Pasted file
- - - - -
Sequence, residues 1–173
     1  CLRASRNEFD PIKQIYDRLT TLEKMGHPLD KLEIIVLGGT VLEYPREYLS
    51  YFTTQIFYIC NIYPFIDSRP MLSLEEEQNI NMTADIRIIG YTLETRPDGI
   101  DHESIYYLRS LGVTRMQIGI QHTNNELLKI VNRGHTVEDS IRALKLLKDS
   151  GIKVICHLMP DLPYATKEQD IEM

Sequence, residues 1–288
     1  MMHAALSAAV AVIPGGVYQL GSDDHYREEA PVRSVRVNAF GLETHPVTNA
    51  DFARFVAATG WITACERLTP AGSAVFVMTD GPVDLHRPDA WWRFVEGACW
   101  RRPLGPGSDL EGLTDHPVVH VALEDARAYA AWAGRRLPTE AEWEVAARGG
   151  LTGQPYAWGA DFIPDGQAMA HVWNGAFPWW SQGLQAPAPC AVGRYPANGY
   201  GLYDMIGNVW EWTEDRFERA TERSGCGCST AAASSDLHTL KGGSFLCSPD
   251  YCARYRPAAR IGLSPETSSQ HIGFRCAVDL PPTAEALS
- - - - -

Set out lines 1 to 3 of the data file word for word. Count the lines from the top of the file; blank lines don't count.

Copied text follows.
Sequence, residues 1–173
     1  CLRASRNEFD PIKQIYDRLT TLEKMGHPLD KLEIIVLGGT VLEYPREYLS
    51  YFTTQIFYIC NIYPFIDSRP MLSLEEEQNI NMTADIRIIG YTLETRPDGI